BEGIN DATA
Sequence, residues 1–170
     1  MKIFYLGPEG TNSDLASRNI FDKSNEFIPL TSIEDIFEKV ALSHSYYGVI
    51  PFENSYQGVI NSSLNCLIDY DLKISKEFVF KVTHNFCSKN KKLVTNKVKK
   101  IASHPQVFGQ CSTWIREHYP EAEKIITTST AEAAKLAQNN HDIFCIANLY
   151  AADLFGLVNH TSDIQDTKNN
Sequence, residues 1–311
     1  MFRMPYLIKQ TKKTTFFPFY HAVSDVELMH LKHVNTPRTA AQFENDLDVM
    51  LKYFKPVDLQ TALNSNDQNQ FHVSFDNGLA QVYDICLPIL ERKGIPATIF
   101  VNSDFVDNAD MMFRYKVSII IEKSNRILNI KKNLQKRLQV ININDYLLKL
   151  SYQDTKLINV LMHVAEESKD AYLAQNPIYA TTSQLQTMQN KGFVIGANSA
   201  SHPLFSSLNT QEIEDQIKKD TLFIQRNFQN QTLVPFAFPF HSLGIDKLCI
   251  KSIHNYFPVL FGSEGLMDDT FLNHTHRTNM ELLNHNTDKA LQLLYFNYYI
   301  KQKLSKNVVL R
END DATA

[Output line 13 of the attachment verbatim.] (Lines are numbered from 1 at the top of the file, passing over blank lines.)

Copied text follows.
   301  KQKLSKNVVL R